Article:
Rabbi Jeremy Schneider

Right before the Kol Nidrei services, the Rabbi noticed little Daniel was staring up at the large plaque that hung in the foyer of the synagogue. It was covered with names and small American flags were mounted on either side of it. The seven year old had been staring at the plaque for some time so the rabbi walked up, stood beside the boy and said quietly, “Good evening, Daniel.” 

“Good evening, Rabbi,” the young boy responded, still focused on the plaque. “Rabbi, what is this?” Daniel asked. 

“Well,” answered the rabbi, “it’s a memorial to all the young men and women who died in the service.” 

Daniel turned to the rabbi and asked thoughtfully, “Was that the early service or the late one?” 

Perspective. Perspective means the door your mind chooses to enter into an experience. It determines the path you take and the door through which you exit to evaluate what has happened to you. Spirituality requires a particular perspective. It demands three qualities that contradict modern life: living in the present, suppression of the ego and refusing to compete.

So often we too live in our fantasies, and then become disappointed and even angry when they do not become a reality. We want our spouses, our children, our parents, our friends to be something they are incapable of being. We want our spouses to be our best friends, our lovers and good parents simultaneously. We want our children to be kind, great students, successful at sports, cultured, have lots of friends — people we can show off and brag about. We want our friends to be loyal, interesting, caring, attentive and lots of fun. But do we let them be them? God, and spirituality, connect only when we listen closely to the soul of another human being by hearing out his or her pain. When we offer support and create this kind of connection, then we will realize what theologian Martin Buber described as the “Eternal Thou” — a powerful sense of God’s presence that emerges out of our faith and trust in the goodness of one another. But we must be willing to see, to listen and to do. Spirituality demands living in the moment.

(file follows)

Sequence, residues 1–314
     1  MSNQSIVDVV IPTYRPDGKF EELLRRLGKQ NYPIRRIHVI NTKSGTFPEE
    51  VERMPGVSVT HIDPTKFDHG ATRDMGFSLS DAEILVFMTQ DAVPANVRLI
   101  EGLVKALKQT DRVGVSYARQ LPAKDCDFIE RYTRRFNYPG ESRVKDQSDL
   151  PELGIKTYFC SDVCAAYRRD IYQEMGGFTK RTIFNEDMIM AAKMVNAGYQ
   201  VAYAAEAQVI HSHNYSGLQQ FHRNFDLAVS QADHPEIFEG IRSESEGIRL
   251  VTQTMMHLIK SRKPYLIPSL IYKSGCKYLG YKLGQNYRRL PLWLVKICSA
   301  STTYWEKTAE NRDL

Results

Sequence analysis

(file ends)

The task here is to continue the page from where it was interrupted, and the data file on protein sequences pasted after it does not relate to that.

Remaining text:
We live in our fantasies of the future because we think we can control our world. This is a delusion of the ego. So the Yiddish expression puts it, “Man plans and God laughs.” We require egos because it enables us to protect ourselves. But spiritual life demands humility, suppressing our egos. Most of us spend our waking hours silently asking the question, “What do I need now?” And then, like children pursuing their own private needs, we look out for number one — ourselves. But God throws diamonds in our paths, and we walk over them, so engrossed with our own needs. 

We are where we are supposed to be, and now, this moment, is the only time that exists. This moment is most important, because now is the only moment you really ever possess. You discover your place in the universe through your unity with the person you encounter right now. So why would you compete to the detriment of someone else? Why get angry at work about someone else’s success, or compete to buy the better car or house, or hold a grudge and seek vengeance? Why harm that person? That person’s success is your success. By being a witness to another person’s existence and by treating him or her as an extension of yourself, you extend both of you. Competition, grudges and vengeance vex and eat at the soul. If you are connected to the person next to you, then you are connected to the person after that, and part ultimately of all humanity. But you must start by saying, “It is not my ego that comes first, but my unity with the world and humanity. To know that, I must suppress my ego and be part of the world, and the only time I can do that is in this moment, right now.”

Collected remembrances of stories, the “now” moments where we touched a life indelibly, ought be our greatest concern. This is the life of the spirit living in the moment, egos diminished, as one with humanity and the world. Let us make our spirit the first concern. JN

Rabbi Jeremy Schneider is the spiritual leader of Temple Kol Ami in Scottsdale and is on the executive board of the Board of Rabbis of Greater Phoenix.

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